Is a Hybrid Workforce the Way of the Future?

Despite Alberta’s economy opening back up and students going back to school this fall, the pandemic is not over. In fact, as recently as July 27, Dr. Deena Hinshaw declared, “the curve is no longer flat in Alberta.” Meanwhile, cities and towns across the province continue to debate mandatory masks, following bylaws being passed in Banff, Calgary and Edmonton.

With uncertainty looming and public health remaining a priority, many organizations are in limbo, unsure about whether to continue working remotely or to make the gradual return to the office.

Possible Scenarios for the Future of Offices

To better understand the sentiment on how workers view the prospect of returning to the office, Salesforce surveyed over 3,500 consumers worldwide.

  • 37% of respondents viewed full-time remote work as the most appealing long-term scenario.
  • 64% wanted to spend some of their working hours at the workplace.
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Across generations, workplace preferences varied.

  • Baby boomers, Gen X and Millennials surveyed were split across the board, with the work from home full-time option pulling in the lead slightly compared to other options.
  • Gen Z, who will soon become the largest segment of the workforce, is most interested in a hybrid approach to work – time split between the home and the office.

Bridging the Gap with a Hybrid Workforce

The hybrid model of home, office, and here (work from here, wherever that may be) is already gaining momentum – and for good reason. If the pandemic has taught us anything, it is that legacy work styles aren’t as crucial as we formerly thought. In many industries, businesses have completely transformed their operations and delivery models to normalize remote work.

However, research from enterprise software company Aternity found that productivity among remote employees who were forced home due to COVID has dropped in what the report coins a “productivity tax” on remote work.

A hybrid model that splits equitably between work-from-home and office-based workers, with teams made up of employees from both, can be an effective way to re-energize employees who are struggling at home and accommodate those who are not yet ready to return to the office. Ultimately, boosting engagement and productivity while increasing employee autonomy.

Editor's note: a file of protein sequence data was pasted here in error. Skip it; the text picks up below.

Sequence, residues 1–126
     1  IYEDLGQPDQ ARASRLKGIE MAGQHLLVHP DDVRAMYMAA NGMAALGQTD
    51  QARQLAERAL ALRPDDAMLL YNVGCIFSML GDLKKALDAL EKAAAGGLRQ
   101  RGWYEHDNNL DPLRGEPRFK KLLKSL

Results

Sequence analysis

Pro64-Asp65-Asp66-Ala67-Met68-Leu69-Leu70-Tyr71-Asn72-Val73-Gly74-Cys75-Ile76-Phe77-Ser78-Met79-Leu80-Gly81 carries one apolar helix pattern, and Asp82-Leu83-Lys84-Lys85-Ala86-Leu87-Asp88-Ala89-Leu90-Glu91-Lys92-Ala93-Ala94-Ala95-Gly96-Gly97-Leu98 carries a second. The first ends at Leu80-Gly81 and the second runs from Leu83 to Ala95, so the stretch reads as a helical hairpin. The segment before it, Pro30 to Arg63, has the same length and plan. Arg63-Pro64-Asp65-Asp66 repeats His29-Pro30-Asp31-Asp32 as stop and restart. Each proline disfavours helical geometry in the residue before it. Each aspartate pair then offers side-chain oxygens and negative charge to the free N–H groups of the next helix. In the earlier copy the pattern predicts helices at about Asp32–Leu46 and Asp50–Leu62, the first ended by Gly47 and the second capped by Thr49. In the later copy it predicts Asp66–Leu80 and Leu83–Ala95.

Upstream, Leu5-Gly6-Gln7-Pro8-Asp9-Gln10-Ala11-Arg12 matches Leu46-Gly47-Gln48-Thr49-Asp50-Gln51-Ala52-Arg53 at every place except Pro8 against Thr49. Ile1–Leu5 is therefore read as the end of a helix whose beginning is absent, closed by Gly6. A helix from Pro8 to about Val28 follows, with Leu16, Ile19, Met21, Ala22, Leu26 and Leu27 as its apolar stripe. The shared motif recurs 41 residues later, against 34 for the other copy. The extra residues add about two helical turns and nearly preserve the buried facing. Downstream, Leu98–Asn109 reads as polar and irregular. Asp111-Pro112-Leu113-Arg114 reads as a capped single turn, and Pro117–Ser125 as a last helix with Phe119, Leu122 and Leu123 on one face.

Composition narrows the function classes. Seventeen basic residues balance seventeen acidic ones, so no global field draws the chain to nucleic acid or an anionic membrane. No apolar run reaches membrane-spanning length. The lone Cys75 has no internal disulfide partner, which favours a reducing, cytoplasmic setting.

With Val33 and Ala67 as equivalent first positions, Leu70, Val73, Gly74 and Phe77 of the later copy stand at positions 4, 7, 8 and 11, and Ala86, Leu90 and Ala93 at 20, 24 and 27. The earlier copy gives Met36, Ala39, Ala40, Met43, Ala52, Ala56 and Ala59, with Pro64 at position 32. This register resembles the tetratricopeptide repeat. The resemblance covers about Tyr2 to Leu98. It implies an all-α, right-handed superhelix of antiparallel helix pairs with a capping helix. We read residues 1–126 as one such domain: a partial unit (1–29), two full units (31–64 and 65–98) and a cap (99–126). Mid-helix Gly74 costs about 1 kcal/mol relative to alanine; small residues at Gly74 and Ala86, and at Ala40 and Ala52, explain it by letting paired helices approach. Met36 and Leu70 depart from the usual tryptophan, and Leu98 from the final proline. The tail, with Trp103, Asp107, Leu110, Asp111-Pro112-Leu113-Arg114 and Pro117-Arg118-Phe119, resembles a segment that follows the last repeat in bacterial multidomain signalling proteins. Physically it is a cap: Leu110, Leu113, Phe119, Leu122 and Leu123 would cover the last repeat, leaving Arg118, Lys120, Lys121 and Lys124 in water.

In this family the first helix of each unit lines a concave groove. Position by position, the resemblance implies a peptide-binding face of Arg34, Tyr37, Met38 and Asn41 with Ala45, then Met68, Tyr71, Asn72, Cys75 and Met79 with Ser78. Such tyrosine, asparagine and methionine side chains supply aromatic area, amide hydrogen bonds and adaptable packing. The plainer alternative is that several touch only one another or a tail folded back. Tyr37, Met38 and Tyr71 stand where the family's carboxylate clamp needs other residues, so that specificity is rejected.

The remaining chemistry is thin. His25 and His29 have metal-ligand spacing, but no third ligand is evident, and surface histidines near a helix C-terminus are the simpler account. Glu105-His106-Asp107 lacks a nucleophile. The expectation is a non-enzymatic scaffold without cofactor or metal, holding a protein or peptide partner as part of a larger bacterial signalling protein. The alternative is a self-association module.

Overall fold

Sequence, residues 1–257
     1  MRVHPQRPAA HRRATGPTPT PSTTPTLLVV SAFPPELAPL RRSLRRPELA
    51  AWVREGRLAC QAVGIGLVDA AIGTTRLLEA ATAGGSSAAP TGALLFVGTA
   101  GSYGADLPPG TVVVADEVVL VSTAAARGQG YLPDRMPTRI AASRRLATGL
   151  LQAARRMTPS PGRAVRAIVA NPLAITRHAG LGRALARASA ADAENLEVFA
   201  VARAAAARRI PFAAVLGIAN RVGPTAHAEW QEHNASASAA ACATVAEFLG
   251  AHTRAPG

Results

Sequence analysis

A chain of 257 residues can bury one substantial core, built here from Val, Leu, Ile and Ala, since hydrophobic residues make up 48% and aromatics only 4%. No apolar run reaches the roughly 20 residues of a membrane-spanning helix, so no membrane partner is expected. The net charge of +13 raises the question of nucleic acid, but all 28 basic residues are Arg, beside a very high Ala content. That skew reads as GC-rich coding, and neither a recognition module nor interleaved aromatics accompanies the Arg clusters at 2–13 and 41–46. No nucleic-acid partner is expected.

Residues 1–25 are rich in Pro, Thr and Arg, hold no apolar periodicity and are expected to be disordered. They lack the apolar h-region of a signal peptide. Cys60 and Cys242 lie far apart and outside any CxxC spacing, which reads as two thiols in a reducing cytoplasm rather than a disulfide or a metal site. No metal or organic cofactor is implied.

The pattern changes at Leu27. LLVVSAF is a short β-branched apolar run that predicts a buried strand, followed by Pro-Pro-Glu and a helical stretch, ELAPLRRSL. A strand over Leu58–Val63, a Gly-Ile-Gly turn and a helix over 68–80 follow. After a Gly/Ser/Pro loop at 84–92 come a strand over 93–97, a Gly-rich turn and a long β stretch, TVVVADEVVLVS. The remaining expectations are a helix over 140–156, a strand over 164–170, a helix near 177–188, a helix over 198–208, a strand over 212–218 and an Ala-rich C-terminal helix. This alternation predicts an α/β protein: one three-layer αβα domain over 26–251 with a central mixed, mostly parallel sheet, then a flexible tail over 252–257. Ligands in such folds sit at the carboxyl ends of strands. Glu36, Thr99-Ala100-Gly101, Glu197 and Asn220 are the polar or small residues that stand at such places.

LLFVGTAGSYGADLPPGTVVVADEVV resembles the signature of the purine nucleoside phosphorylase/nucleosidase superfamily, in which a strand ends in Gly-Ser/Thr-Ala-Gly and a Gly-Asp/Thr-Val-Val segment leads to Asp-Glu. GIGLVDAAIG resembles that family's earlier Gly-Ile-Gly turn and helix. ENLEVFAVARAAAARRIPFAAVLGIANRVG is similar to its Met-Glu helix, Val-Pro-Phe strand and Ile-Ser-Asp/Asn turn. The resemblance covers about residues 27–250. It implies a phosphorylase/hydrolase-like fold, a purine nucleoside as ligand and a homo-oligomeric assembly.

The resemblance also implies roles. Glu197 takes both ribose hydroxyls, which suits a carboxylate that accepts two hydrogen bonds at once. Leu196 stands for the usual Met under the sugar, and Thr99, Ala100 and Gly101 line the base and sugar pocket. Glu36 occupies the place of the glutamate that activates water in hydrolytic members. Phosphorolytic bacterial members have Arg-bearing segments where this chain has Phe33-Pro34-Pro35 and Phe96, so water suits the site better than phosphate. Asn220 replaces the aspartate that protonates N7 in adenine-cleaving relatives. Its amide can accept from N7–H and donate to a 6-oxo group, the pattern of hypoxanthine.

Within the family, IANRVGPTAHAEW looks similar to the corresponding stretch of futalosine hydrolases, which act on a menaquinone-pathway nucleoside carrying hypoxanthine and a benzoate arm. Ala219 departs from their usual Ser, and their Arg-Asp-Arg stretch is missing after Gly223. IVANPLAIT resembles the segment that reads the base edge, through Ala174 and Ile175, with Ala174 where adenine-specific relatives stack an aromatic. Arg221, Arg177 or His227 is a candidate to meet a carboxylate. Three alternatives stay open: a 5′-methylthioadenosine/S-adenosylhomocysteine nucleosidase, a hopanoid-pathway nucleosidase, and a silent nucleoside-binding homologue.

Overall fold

Advantages of a Hybrid Model

  • Attract talent and improve retention: By accommodating all employees and allowing for more autonomy, your organization can enjoy the benefits of greater employee satisfaction and lower turnover.
  • Improve employee relations: Studies have shown that organizations that allow flexible work actually have better relationships between management and direct reports. 
  • Improve business outcomes: With greater flexibility, employees may become more serious about documentation, more aware of timing and thoughtful messaging, and more productive with their commute and work-from-home time.

Challenges of a Hybrid Model

  • Organizational culture: When it comes to remote employees, being out of sight can also lead to being out of mind. If HR doesn’t consciously accommodate remote employees and take extra measures to build trust and connections amongst colleagues, remote team members can feel left out and less engaged.  
  • Communication gaps: While conference calls, video meetings and email threads take care of formal communication, informal conversations that happen in-office and aren’t shared with remote colleagues can threaten even the best-laid communication plans.

How to Implement the Hybrid Model

Equip your team with technology to bridge gaps. Start with the essentials, including duplicate equipment at home and in office so that employees can be effective in either location. Incorporate an instant messaging app, video conferencing platform, file-sharing system, and a secure Wifi connection.

Redesign your benefits package to fit the hybrid model.

  • Instead of catered lunches at the office, provide employees with a monthly lunch budget.
  • Instead of an in-office happy hour, send employees a gift basket that can be enjoyed during a virtual get together.
  • Evaluate your Health and Wellness benefits to ensure they provide flexibility for both in person and remote services.
  • Consider allocating a portion of your benefits budget to employees to upgrade home equipment critical for healthy work such as ergonomic chairs and desks.

Adapt your meeting practices. Consider limiting in-person meetings to project kickoffs, with other check-ins and progress reports happening virtually or over the phone.

  • Establish a process for documenting meetings and sharing notes so that employees who are unable to participate will have all the information they need to move ahead.
  • To keep sessions short and focused, encourage agenda-setting happens in advance.
  • Discourage the use of board and meeting rooms in-office. Instead, encourage meetings take place virtually, so no one feels left out.

Update your policies. Ensure that your current Work from Home policy, Flex Time policy and any other policy applicable is clear and concise with an appropriate mechanism to address questions and anomalies.


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